We don’t need prompts.

For anyone coming late to the party, President Trump has, well, gone ahead and instituted a ban on Muslim and refugee travel into the US. The picture that heads this post is everything you need to know.

The chief architect of this has been his advisor, and Breitbart news head, Steve Bannon, who has also effectively replaced the head of the CIA, the Chariman of the Joint Chiefs and the NSA in all presidential meetings.

Times are scary now and there are monsters. The stories of who they are and what they do needs to be told a million times over in a million different voices.

Ovid Karr was not the Regent’s top advisor, but it was that rare photo of the Regent indeed that did not feature Karr hovering behind his left shoulder. In fact, Karr had been positioning himself thusly when the explosion ripped through the High Palissade. The tremendous booming, the terrible light and the attendant chaos and confusion separated Karr from the Regent and from their protective security detail. The sharp sound of gun fire had been enough to cause Karr to run as far and as fast as he could without delay. Which was how, hours later, he found himself in the immense woods to the northeast of the Regent’s largest, most-used sanctum.

Karr couldn’t begin to guess who was behind the attack. Dissidents, a foreign power, the army, maybe it wasn’t even a full attack. Maybe it was the Regent’s attempt to displace Karr. Ovid Karr wasn’t the sort of man to pretend, or care, that he had made no friends, even among his closest affiliates. He didn’t trust, wasn’t to be trusted, and was more proud of those two facts than he was of anything else. Karr didn’t really believe that the Regent had moved against him, fully convinced as he was that the Regent was fully convinced that he was indispensable. And this seemed like a big move. But anything was possible. Whoever was behind the attack, it didn’t matter. Ovid would figure it out and move against the aggressors. He had tools left at his disposal. Agents and resources left to tap. Plans and contingencies to execute. A sick arousal rose in him, originating in and spurred on by fantasies both of wielding power for power’s sake and wielding power to persecute.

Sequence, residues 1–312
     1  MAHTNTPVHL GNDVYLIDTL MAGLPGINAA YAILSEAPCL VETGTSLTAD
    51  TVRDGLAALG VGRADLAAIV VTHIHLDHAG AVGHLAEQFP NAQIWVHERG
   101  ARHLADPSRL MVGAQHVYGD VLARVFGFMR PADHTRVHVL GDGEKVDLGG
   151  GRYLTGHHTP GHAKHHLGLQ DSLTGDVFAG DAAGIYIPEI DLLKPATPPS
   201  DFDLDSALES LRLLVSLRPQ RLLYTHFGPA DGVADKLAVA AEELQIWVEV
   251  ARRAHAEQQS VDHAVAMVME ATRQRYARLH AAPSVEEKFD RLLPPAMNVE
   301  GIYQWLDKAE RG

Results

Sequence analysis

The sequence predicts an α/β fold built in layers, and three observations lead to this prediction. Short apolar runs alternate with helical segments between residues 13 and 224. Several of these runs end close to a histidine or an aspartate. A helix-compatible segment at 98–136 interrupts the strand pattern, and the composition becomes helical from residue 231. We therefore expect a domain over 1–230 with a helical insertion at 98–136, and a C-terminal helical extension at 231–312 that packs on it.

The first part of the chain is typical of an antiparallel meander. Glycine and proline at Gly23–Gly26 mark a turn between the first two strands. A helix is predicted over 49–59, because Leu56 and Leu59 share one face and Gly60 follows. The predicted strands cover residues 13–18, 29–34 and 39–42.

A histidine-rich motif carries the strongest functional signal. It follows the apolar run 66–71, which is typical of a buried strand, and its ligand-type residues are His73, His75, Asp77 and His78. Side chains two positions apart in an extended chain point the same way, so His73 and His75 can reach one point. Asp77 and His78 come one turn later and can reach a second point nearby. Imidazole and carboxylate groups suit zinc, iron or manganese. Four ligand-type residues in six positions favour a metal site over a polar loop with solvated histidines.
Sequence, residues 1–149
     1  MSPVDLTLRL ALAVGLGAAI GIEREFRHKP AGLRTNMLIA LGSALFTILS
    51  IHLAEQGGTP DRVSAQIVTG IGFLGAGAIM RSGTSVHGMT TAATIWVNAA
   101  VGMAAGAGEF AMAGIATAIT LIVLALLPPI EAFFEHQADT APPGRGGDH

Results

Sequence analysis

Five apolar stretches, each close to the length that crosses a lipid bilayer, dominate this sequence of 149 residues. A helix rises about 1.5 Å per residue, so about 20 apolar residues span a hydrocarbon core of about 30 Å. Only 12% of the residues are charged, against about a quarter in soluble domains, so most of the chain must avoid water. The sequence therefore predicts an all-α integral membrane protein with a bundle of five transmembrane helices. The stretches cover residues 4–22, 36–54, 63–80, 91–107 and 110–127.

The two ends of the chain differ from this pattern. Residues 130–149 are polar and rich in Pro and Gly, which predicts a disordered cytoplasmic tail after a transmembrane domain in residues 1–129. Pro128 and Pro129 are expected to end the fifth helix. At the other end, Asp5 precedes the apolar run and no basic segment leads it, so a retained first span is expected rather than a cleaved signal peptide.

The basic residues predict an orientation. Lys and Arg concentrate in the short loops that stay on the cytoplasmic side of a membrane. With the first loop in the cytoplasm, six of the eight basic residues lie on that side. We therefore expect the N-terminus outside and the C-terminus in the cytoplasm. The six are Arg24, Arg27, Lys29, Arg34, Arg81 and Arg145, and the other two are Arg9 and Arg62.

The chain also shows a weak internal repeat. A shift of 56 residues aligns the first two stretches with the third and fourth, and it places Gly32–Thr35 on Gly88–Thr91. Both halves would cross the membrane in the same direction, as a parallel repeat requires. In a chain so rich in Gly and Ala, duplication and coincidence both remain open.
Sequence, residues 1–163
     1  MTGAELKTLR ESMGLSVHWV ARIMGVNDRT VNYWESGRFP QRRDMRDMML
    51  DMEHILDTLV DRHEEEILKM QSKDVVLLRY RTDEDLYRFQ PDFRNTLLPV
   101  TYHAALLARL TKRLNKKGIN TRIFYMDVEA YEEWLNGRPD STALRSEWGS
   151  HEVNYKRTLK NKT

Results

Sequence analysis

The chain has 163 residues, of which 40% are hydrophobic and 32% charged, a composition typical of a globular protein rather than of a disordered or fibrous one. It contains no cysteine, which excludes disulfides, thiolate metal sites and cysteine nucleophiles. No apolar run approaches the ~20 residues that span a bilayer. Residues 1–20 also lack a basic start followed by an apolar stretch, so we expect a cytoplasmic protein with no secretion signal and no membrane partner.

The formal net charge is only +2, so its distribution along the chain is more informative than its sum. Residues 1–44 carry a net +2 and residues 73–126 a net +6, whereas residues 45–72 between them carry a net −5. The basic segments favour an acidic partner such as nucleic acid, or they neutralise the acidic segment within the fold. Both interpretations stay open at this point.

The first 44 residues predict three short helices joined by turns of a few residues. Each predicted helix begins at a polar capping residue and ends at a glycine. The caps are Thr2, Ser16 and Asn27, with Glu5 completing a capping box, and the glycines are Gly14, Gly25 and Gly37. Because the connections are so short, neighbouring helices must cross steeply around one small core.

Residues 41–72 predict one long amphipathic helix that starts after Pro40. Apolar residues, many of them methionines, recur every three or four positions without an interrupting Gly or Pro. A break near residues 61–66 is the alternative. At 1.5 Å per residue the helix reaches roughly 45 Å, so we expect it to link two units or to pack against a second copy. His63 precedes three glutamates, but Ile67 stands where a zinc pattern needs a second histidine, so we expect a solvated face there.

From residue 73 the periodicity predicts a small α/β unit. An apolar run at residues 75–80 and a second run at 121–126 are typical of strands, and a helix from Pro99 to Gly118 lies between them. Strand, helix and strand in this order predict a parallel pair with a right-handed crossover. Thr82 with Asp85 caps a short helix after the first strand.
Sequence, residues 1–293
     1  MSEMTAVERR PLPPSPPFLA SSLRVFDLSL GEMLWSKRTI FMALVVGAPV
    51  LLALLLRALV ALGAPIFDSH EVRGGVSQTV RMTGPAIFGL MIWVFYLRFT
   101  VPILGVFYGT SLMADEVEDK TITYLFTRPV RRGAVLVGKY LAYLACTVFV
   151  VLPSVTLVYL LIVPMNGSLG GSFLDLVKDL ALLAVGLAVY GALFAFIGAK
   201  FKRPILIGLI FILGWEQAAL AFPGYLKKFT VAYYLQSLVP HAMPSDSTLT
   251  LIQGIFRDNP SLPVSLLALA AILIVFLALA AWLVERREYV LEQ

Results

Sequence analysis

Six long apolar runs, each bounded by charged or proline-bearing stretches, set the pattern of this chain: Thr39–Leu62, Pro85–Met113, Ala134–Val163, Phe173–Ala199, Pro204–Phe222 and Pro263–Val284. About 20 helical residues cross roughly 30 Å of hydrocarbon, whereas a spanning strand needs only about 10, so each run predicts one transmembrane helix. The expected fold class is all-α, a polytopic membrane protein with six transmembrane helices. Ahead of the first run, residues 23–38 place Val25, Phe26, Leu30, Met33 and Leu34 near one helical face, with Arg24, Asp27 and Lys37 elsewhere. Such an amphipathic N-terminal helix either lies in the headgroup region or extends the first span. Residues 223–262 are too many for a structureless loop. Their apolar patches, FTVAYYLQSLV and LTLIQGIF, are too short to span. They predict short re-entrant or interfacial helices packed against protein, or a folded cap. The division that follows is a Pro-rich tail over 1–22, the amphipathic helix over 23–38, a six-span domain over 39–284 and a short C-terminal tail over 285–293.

First though, he had to get out of the woods. The sun was going down and winter was no time to be left unguarded from the elements. Breaking the flow of his stride he felt in his jacket pocket for the old silver lighter that had once been his father’s. Karr wasn’t a sentimental man and hadn’t much cared for his father while he was living, but from a young age he had always, if unaccountably, cherished and valued that lighter. He pulled it out from his pocket flicked it twice, saw a small flame bloom and the snapped it shut and put it back. It wasn’t dark enough yet to need it, but it soon would be.

Ovid walked and stumbled and ran when he could, which wasn’t often, through the branches and brambles of the woods. Here and there he thought maybe he caught a flash of bright, golden light at the corners of his eyes, but every time he whipped his head around he saw only deepening shadows.

But even though he didn’t seem them directly, the flashes grew in frequency and numbers and soon each one was bright enough to obscure his vision and leave the phantom images of war orphans he abandoned, families he broke up, students unrooted and workers he upended. They were a blazing sea of golden faces and bodies that washed and merged into each with. Except one little boy who persisted, right in front of Karr. The boy offered his hand up to the adult and the adult shied away as though afraid of being bitten. The golden faces disappeared in an instant, the boy included.

Karr felt in his pocket. His lighter was gone. He was alone. Without distractions or company or power to ensconce himself in. He was alone with only himself to contend with and the falling darkness swallowed him.


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